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Does Deodorant Cause Cancer?

man spraying deodorant into armpit

Stroll through the deodorant aisle at your local grocery store and you’re sure to find a variety of “natural” deodorants claiming to be aluminum-free.

This begs the question: Is aluminum in deodorant bad?

It depends on who you ask.

Some people have raised concerns about the potential for aluminum compounds to cause cancer.

However, many cancer organizations and scientists have repeatedly stated that there is no conclusive evidence to back up this claim.

What should you believe?

Does deodorant cause cancer or not?

It can be difficult to know what’s fact and what has been completely blown out of proportion.

To get to the bottom of the issue, we’re going to dive deeper into this supposed link between deodorant and cancer.

Here are three things you should know about the potential link between deodorant and cancer:

  • The rumor deodorant causes cancer first began circulating the Internet in the late 1990s.
  • Scientific evidence does not support the claim that deodorant causes cancer.
  • Unless your skin reacts poorly to aluminum, using a conventional deodorant is considered safe.

deodorant stick with bathroom toiletries

Deodorant and Cancer: The Claims

The rumor deodorant causes cancer first started making the rounds in 1999 via email chain letter.

In the viral email, the authors claimed underarm antiperspirants contained harmful chemicals that could be absorbed by the skin and contribute to the development of breast cancer.

The email also suggested that:

  • Antiperspirants prevent the body from getting rid of harmful toxins which build up in the lymph nodes and cause cancer.
  • Most breast cancer cases develop in the upper outer quadrant of the breast, which is the closest to the armpit.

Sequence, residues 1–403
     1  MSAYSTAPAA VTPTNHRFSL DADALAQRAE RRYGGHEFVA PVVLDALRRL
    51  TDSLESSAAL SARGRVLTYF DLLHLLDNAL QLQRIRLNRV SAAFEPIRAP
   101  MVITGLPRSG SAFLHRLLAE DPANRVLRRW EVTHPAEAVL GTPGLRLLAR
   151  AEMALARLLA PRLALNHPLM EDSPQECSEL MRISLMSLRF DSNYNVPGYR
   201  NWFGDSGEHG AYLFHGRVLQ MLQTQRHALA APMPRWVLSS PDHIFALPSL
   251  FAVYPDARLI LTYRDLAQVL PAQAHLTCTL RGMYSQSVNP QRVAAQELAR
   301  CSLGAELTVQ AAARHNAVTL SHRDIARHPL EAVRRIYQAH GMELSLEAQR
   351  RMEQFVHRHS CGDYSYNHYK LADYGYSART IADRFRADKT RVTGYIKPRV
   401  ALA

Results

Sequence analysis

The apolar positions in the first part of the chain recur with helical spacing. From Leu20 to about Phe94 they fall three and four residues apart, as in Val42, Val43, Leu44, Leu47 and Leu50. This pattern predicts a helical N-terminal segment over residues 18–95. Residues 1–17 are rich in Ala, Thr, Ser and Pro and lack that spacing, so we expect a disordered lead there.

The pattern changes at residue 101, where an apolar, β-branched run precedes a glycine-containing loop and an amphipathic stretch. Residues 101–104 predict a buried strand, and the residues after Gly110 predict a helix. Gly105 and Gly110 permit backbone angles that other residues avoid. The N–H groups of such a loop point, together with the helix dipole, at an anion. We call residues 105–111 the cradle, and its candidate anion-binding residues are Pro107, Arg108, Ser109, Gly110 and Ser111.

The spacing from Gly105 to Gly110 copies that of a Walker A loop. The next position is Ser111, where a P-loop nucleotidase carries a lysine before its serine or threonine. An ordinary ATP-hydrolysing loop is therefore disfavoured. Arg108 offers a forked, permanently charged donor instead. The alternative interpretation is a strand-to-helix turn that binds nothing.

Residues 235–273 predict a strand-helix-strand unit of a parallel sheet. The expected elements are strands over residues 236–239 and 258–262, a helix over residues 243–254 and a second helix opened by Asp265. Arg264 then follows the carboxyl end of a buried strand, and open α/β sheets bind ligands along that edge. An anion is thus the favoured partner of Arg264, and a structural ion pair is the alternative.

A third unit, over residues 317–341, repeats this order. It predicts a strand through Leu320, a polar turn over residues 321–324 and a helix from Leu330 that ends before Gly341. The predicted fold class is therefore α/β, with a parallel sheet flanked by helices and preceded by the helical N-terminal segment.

• Antiperspirant ingredients may be absorbed more easily through shaving nicks and micro-cuts in the skin.

All of these claims are hotly disputed within the scientific community.

But in the early aughts, there were few scientific studies that explored the potential link between deodorant and breast cancer.

Today, we now have a growing body of research that has explored this topic at many different angles.

Some say the studies support the original claims, while others, including the National Cancer Institute, hold that such claims are completely bogus.

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A Breakdown of the Evidence

Does deodorant cause breast cancer? The short answer is no.

At least, there is still not enough conclusive evidence to support this claim.

Claim #1: Toxins Can Build Up in the Lymph Nodes

Let’s start with the claim that antiperspirants somehow prevent your body from “purging toxins” via perspiration.

The reasoning behind this claim is flawed because lymph nodes are not connected to apocrine glands, the sweat glands found under the armpits and the groin that can give you a funky smell.

spraying deodorant after shower

Additionally, breast cancer starts in breast tissue and spreads to the lymph nodes, not the other way around.